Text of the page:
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Economic man and social woman: Determinants of immigrants' life satisfaction

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  • Sarinda Taengnoi

    (University of Wisconsin Oshkosh)

Abstract

This study examines life satisfaction among immigrants in the US, a topic that has been little discussed in immigration studies. The New Immigrant Survey-Pilot is used to analyze the impact of different forms of capital, namely human, financial, and social capital, on life satisfaction and how they affect male and female immigrants differently. The empirical results confirm the differences in factors contributing to life satisfaction between males and females. Some forms of social capital significantly affect female satisfaction but not male satisfaction, while financial capital tends to increase male satisfaction but not female satisfaction. Understanding what contributes to immigrants' life satisfaction is important as certain findings could be used to shape an effective immigration policy.

Suggested Citation

  • Sarinda Taengnoi, 2014. "Economic man and social woman: Determinants of immigrants' life satisfaction," Economics Bulletin, AccessEcon, vol. 34(3), pages 1530-1549.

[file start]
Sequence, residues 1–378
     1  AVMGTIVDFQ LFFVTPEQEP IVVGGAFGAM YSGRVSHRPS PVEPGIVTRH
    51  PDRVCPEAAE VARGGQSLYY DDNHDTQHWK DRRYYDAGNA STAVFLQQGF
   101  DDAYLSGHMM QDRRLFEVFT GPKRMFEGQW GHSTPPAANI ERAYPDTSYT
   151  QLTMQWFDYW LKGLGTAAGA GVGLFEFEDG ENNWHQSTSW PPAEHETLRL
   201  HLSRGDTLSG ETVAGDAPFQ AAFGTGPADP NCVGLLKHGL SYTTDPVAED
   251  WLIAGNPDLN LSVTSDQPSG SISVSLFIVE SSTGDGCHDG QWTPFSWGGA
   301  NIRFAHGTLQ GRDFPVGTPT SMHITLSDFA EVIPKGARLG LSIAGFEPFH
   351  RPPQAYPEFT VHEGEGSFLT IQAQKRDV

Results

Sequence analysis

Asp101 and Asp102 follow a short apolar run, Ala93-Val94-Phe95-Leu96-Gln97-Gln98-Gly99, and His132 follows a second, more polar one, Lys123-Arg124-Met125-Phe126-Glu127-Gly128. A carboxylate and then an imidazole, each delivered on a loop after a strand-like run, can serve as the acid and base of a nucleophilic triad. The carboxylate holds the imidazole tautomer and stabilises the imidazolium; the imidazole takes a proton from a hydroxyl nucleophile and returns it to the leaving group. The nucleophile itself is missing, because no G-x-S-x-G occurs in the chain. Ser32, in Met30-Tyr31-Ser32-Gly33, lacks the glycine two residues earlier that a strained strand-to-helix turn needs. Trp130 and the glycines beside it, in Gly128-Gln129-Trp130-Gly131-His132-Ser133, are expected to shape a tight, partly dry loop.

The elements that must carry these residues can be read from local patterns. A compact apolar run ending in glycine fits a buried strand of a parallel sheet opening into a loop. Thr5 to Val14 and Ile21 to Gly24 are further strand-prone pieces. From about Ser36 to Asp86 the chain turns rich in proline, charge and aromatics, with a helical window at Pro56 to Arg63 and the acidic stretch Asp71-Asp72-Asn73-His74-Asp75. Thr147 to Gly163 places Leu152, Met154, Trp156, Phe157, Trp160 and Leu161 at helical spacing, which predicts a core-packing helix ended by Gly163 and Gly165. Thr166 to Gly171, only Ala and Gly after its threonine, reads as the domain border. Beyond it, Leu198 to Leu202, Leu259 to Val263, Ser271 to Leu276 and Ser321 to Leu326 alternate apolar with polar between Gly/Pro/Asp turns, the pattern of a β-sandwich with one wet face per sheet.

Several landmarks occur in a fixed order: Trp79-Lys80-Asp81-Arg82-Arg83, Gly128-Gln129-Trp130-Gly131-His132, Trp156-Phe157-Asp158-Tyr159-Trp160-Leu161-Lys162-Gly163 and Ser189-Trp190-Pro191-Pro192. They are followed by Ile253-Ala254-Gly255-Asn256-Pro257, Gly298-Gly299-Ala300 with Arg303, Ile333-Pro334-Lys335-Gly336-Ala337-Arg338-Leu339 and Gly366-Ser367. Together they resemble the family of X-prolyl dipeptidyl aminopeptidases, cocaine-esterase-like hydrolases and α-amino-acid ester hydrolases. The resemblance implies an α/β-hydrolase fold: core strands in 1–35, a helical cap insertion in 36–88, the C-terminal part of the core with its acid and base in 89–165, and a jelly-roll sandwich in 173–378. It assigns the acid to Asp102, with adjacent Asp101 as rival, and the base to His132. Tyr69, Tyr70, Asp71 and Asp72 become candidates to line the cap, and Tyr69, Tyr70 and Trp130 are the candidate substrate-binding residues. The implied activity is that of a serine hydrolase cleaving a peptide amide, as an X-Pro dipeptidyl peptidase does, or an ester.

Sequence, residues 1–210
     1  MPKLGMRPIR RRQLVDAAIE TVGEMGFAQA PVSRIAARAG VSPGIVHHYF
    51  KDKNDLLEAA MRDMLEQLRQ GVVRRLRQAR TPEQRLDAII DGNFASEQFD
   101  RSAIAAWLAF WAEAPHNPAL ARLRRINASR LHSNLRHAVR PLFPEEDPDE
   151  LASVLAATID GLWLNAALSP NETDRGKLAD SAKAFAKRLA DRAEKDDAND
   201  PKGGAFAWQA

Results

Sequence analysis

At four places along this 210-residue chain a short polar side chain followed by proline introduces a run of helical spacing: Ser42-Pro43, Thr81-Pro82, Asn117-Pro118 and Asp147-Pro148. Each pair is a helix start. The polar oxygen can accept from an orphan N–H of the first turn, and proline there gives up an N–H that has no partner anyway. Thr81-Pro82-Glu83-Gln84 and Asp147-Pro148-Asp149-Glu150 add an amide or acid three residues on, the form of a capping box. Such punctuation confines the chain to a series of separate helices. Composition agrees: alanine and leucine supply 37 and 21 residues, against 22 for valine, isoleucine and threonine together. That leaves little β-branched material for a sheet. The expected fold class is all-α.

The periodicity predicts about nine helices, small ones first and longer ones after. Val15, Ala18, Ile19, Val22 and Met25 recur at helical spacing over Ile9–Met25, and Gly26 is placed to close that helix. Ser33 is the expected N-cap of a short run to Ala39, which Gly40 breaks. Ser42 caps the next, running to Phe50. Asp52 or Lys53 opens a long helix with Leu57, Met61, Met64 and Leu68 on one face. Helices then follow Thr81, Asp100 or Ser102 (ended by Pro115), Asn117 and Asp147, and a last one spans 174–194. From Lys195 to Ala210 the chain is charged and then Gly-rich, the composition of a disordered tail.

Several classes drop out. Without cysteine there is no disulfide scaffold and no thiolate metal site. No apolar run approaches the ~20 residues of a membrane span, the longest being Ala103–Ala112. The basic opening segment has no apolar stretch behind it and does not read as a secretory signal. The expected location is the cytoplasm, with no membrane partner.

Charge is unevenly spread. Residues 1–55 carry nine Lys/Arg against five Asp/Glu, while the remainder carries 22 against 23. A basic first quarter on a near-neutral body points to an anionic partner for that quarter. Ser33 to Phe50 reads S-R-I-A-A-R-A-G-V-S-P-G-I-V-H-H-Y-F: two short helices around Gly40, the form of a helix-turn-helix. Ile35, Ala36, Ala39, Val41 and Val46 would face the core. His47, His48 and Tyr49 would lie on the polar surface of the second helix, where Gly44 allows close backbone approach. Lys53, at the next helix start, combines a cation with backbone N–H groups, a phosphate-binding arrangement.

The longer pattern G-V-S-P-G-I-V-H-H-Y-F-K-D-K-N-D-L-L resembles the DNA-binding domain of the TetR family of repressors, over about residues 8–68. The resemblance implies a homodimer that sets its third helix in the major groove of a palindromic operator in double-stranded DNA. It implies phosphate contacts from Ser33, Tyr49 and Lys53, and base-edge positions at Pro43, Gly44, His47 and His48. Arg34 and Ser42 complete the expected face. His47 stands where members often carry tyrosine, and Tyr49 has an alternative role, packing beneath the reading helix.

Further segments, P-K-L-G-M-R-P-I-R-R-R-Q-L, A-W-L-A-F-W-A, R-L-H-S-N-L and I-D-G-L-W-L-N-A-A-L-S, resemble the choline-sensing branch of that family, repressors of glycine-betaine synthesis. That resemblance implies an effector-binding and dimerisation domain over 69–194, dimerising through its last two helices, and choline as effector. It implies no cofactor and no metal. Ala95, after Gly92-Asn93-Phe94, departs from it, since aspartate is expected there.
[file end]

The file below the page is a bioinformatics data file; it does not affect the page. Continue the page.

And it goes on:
• Handle: RePEc:ebl:ecbull:eb-13-00658
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    References listed on IDEAS

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    Cited by:

    1. Yaman, F. & Cubi-Molla, P., 2017. "Why Do Immigrants Report Lower Life Satisfaction?," Research Papers 001871, Office of Health Economics.

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    More about this item

    Keywords

    Happiness; Life satisfaction; Immigrants; Social capital; Human capital;
    All these keywords.

    JEL classification:

    • J0 - Labor and Demographic Economics - - General
    • O1 - Economic Development, Innovation, Technological Change, and Growth - - Economic Development

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